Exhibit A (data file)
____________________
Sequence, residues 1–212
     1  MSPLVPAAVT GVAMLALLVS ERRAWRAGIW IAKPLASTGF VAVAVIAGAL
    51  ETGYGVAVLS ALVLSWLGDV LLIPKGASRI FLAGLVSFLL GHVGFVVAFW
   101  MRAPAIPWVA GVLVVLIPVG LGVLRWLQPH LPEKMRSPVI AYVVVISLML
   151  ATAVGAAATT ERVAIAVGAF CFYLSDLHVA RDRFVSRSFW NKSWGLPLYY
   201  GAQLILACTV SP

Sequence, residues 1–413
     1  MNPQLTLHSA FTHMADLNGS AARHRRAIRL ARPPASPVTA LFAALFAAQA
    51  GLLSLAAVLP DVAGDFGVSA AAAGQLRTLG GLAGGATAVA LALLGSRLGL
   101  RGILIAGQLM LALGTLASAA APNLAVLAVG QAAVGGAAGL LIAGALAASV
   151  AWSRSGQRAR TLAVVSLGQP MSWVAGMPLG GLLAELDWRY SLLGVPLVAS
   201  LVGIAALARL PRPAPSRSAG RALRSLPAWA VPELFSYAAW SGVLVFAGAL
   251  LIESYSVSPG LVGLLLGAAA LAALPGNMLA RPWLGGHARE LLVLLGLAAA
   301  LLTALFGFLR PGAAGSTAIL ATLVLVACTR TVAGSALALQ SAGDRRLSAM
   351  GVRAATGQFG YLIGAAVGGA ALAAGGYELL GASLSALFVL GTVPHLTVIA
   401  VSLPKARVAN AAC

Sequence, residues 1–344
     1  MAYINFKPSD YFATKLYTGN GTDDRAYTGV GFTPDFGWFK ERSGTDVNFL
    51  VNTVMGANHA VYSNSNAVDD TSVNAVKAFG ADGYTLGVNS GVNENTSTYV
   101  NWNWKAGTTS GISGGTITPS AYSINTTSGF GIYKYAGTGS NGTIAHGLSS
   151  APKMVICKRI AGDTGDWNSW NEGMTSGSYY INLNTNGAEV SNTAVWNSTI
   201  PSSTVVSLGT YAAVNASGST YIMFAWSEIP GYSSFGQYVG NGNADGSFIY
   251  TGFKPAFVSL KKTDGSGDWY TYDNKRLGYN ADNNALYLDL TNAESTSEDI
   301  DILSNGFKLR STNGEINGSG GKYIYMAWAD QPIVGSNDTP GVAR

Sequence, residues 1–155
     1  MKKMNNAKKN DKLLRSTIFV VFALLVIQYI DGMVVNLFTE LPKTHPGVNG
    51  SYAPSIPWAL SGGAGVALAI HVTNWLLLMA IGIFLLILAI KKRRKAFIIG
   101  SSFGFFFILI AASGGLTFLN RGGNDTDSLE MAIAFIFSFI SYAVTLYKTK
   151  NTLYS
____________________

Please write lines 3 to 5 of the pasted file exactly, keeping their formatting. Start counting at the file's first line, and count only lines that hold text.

    51  ETGYGVAVLS ALVLSWLGDV LLIPKGASRI FLAGLVSFLL GHVGFVVAFW
   101  MRAPAIPWVA GVLVVLIPVG LGVLRWLQPH LPEKMRSPVI AYVVVISLML
   151  ATAVGAAATT ERVAIAVGAF CFYLSDLHVA RDRFVSRSFW NKSWGLPLYY